Celebrate Black History Month at the Reginald F. Lewis Museum
Documentary screenings; children’s programs, and museum open house during the month of February
2/6/2015, 6:55 a.m.
The Reginald F. Lewis Museum presents thought-provoking events celebrating Black History Month spanning the Civil War and Antebellum periods through the Civil Rights Movement, to the present day. The capstone program is a special discussion of two Civil War-era diaries by free African Americans on Saturday, February 7, 2015 at 1 p.m. As diaries by African Americans from the Antebellum and Civil War periods are extremely rare, visitors will have a unique chance to hear about the everyday life of free African Americans in the Mid-Atlantic region during that time. All events to be held at the Reginald F. Lewis Museum located at 830 E. Pratt Street in Baltimore City.
"There are few primary sources written by black women during this time in history... Davis's diary...is...extraordinary simply because it has survived to be included in this very small class of resources." — The University of South Carolina Press on Notes from a Colored Girl
Freedom’s Diaries: Diaries of Free African Americans from the Antebellum and Civil War Era Saturday, February 7th at 1 p.m.
“Since there are few primary sources written by black women during this time in history, Davis's diary...is rendered extraordinary simply because it has survived to be included in this very small class of resources,” writes publisher University of South Carolina press about Dr. Karsonya Whitehead’s Notes from a Colored Girl: The Civil War Pocket Diaries of Emilie Frances Davis (published May 2014). The book uncovers the story of a woman in Philadelphia’s vibrant free black community through the prism of identity, race, and class. Dr. Whitehead is assistant professor of Communication, and African and African American Studies in the Department of Communication at Loyola University Maryland.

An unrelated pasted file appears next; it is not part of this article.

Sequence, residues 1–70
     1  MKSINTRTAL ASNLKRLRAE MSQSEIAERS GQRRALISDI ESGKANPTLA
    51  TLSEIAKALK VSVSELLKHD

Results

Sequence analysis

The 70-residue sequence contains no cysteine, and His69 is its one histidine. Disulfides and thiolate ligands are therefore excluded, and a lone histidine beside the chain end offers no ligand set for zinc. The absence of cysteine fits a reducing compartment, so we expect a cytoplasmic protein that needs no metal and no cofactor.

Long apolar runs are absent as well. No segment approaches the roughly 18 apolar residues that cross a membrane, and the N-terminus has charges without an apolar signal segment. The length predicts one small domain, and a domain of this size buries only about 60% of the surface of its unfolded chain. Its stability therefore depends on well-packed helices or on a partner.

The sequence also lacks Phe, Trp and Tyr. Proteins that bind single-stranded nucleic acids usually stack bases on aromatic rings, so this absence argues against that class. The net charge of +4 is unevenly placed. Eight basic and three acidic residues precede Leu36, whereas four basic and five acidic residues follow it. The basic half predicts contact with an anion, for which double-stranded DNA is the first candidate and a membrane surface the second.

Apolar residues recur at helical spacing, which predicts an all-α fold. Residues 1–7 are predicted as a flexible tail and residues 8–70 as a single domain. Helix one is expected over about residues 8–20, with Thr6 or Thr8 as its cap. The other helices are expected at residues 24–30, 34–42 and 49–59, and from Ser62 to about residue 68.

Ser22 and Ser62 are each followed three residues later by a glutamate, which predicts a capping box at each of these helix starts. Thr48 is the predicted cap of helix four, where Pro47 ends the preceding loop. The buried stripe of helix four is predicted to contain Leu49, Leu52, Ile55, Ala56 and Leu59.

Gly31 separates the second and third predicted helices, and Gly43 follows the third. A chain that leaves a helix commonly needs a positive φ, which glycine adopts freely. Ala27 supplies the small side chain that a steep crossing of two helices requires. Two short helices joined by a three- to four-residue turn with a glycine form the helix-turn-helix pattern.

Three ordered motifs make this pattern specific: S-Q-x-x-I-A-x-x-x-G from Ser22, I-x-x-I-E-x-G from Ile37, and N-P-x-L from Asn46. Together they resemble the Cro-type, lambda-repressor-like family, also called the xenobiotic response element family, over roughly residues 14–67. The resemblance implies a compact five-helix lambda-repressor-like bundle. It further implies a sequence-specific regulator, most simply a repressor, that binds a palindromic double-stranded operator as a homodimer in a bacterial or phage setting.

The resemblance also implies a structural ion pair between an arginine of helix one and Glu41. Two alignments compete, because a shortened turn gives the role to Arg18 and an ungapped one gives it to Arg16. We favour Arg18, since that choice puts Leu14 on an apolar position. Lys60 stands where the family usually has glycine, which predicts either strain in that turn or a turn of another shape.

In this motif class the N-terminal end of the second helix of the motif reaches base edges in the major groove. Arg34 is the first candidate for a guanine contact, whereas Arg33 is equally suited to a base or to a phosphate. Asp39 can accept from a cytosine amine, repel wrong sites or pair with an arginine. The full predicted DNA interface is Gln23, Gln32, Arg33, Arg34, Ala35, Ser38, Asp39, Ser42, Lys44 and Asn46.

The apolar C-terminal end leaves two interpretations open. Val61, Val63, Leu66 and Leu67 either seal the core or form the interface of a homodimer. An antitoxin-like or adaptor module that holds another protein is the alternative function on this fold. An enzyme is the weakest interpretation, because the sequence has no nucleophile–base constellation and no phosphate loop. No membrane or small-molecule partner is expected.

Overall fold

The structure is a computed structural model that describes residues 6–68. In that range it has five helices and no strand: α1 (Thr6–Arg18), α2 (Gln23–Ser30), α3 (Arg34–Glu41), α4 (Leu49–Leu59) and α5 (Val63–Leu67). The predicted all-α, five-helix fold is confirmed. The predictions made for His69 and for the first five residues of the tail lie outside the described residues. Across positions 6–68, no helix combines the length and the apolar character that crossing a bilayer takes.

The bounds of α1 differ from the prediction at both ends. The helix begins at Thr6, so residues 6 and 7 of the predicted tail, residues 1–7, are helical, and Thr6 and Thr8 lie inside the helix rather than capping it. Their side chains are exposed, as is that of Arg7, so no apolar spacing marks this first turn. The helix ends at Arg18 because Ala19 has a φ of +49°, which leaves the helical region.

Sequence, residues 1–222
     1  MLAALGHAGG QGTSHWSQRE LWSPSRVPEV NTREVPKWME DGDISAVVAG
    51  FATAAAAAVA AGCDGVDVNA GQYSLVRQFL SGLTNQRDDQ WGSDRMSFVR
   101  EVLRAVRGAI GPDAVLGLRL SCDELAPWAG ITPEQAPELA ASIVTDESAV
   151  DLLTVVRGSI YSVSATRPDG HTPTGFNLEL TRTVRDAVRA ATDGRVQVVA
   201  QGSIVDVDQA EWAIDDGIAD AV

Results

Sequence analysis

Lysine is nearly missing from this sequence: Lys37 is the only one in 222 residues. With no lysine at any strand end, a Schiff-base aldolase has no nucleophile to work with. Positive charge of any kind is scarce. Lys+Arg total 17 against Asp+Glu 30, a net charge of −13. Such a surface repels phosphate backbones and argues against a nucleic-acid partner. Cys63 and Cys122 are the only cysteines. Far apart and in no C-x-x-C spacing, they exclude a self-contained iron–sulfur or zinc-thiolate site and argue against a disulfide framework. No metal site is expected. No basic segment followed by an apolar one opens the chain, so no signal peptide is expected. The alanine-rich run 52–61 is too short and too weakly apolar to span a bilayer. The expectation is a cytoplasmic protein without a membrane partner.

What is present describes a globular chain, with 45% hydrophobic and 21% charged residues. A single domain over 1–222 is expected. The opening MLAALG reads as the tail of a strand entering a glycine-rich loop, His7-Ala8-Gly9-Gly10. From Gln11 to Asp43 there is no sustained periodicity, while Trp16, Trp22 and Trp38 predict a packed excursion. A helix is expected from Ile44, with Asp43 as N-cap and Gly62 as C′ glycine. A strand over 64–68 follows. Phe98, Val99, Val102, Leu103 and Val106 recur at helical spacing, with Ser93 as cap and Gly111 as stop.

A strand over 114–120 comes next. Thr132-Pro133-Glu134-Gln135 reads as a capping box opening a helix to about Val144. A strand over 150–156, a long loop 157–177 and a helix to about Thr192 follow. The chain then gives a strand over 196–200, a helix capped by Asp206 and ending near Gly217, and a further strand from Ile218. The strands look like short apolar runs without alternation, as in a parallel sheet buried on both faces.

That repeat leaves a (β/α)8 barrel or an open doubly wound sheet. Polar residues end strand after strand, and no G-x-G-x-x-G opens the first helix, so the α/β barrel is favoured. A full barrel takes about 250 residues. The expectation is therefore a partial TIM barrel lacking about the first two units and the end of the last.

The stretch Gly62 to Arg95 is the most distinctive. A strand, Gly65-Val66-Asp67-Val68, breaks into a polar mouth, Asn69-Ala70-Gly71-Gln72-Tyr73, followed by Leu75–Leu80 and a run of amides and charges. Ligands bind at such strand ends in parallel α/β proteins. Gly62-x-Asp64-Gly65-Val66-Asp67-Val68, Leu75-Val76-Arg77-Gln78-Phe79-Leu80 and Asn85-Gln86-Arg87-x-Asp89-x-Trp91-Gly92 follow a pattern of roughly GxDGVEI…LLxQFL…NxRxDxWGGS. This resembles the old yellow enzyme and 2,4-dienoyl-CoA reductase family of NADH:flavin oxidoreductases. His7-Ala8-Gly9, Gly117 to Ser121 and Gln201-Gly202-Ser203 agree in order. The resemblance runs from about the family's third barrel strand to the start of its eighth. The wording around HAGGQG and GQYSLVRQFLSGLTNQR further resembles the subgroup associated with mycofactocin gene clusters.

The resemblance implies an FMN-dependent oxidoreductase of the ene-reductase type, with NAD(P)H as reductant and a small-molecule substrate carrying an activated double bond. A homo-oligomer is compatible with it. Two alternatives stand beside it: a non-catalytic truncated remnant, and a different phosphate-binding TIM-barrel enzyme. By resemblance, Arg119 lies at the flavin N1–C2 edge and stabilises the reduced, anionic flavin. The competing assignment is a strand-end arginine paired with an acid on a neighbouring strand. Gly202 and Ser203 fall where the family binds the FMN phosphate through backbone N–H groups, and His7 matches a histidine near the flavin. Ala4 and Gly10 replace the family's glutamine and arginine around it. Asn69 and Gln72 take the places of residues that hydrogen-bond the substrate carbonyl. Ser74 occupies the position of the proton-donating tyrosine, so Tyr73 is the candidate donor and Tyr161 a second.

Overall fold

Henry Louis Gates writes, “'Today has been a memorable day. I thank God I have been here to see it.' So begins the pocket diaries of free black woman Emilie Davis of Philadelphia on the day of Emancipation at the midpoint of the Civil War. Her words also capture my feelings in seeing Davis's diaries published under the expert eye of Karsonya Wise Whitehead, whose scholarly annotations not only set the scene but reveal how this 'everyday' domestic-dressmaker's decision to record her thoughts at the critical hours of the African American journey was itself an emancipatory act.”
In addition, Dr. Myra Y. Armstead, Professor of History and Director of Africana Studies at Bard College, discusses Freedom’s Gardener: James F. Brown, Horticulture and the Hudson Valley in Antebellum America (published February 2012), which traces the life of an escaped slave from Maryland who became a master gardener and kept a diary for over three decades. Booklist;calls Freedom’s Gardener a “meticulously sourced and carefully reasoned portrait.”
Programming For and By Youth
The Griot’s Eye Youth Film and Culture Festival on Saturday, February 14th
Youth present their works in film, theater, music, dance, and poetry on Saturday, February 14 at 12pm. The Griot’s Eye is an arts-based youth leadership and community-development program that equips urban youth with technical and cultural skills to produce compelling social media programs that address relevant issues in their lives. Special admission $5.